It grew dark well before we made our descent down the mountain.  Tiny white, orange and yellow lights glittered from thousands of feet below from Los Angeles, Orange and Riverside Counties.  With headlamps and flashlights we continued the climb.  Then as we made our descent, the stations began closing up.  Word was, the sweeper truck was going to start picking up runners.  And so the race was on as we ran from the sweeper truck.  It seemed like we literally flew down Upper Holy Jim, a single track that the truck couldn’t drive, but the running sweepers were close behind.  I’m truly amazed how Hank was able to kick it in and pull out a burst of energy as we jumped and stumbled over rocks on that single track down. 

The sweepers caught up with us around Indian Truck Trail (the last 6.5 miles).  They were two great guys who ran along with us.  One of them took off, and sweeper Tim ran along with us for the longest 6.5 miles EVER.  I had no doubt that Hank would cross the finish line.  He had already proven his determination.  Still, I was amazed that he had anything left.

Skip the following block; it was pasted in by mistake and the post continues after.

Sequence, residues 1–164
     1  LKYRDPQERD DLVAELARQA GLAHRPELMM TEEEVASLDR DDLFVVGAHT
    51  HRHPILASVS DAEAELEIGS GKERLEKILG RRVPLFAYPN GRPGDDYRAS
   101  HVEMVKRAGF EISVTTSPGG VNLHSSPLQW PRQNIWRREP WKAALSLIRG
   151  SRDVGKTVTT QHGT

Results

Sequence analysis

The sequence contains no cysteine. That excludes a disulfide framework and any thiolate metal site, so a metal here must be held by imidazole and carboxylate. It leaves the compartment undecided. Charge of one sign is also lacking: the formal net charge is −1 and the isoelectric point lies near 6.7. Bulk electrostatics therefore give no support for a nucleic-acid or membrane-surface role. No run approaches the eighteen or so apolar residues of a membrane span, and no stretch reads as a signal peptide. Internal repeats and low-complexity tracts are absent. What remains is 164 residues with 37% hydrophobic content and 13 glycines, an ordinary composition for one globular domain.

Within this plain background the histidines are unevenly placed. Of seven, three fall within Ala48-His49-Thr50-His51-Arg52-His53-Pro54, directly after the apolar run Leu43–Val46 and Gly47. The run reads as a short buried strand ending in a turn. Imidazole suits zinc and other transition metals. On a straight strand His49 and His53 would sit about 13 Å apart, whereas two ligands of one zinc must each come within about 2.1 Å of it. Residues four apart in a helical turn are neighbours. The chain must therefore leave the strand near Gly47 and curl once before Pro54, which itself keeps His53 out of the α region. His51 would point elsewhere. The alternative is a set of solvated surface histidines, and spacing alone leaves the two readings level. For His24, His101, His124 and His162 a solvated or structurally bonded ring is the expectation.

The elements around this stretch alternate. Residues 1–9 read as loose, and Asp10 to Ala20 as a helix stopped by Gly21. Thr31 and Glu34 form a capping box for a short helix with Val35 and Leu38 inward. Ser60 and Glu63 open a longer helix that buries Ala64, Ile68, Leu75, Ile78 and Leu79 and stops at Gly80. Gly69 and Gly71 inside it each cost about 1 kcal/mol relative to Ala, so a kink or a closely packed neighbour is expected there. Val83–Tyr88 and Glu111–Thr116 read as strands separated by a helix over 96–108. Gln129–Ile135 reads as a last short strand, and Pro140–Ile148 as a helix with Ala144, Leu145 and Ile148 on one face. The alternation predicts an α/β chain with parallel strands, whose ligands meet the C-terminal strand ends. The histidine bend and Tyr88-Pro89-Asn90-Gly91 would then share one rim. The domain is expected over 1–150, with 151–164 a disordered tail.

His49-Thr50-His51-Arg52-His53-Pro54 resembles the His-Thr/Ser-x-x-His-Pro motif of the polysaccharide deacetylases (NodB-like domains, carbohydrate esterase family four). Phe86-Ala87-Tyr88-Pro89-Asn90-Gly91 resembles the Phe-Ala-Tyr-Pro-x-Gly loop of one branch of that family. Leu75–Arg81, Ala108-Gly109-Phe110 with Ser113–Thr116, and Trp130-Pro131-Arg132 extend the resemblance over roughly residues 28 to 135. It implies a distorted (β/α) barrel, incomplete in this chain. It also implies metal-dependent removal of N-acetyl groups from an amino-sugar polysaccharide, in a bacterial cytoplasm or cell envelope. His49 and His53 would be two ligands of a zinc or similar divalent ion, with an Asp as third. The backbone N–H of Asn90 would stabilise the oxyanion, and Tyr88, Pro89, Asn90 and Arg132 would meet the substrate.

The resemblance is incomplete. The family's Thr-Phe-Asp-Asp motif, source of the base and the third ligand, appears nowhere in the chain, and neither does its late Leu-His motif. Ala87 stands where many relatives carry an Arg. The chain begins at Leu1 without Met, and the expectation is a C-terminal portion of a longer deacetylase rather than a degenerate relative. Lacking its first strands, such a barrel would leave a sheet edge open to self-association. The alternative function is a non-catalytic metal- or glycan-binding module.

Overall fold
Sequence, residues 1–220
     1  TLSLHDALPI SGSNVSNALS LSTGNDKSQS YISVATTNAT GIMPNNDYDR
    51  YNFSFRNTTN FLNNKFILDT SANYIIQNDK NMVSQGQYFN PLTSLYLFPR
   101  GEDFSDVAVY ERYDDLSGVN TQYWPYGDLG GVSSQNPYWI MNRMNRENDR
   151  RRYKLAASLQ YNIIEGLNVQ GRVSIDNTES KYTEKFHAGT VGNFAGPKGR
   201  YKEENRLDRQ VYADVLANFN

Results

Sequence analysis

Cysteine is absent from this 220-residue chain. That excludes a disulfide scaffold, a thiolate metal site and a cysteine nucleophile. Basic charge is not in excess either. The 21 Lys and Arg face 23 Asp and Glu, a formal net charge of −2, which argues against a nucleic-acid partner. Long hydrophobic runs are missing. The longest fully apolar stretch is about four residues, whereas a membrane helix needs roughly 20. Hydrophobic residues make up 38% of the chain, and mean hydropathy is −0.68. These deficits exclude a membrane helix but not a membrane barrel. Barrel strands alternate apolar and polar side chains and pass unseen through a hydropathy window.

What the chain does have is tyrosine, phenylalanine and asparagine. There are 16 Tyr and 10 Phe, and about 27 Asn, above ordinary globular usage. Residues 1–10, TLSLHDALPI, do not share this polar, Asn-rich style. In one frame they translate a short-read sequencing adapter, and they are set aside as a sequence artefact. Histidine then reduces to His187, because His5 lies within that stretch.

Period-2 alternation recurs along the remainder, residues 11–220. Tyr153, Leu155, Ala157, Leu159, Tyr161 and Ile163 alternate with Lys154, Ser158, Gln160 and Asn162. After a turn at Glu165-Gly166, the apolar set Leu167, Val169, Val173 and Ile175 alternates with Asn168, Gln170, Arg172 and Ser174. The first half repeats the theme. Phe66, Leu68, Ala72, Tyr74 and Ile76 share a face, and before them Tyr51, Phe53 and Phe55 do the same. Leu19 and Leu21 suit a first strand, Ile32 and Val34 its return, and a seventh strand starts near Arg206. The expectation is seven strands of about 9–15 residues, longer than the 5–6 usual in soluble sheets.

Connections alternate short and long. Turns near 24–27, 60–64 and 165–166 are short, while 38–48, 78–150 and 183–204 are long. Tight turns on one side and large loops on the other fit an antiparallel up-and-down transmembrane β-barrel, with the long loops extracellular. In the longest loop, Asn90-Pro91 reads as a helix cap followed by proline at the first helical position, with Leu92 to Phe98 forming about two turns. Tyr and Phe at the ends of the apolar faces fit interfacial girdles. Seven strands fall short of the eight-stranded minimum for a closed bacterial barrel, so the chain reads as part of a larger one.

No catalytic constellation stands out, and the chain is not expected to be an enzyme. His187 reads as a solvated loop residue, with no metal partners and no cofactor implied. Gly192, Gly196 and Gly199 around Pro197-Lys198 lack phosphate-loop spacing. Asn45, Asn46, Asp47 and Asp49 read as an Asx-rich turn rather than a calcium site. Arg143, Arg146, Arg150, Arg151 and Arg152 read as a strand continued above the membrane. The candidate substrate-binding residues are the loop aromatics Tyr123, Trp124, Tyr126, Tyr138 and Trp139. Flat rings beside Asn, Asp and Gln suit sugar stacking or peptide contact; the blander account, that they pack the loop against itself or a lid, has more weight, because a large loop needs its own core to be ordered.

Then finally through the dark, we saw a light and ran in over that finish line.  Hank’s wife and daughter were waiting there like two angels in the light, so happy to finally see him.  They said that they could see our lights as we travelled down the mountain and couldn’t believe what we were doing, what he was doing.  I only ran a little under twenty miles of this trek.  I had the easy part.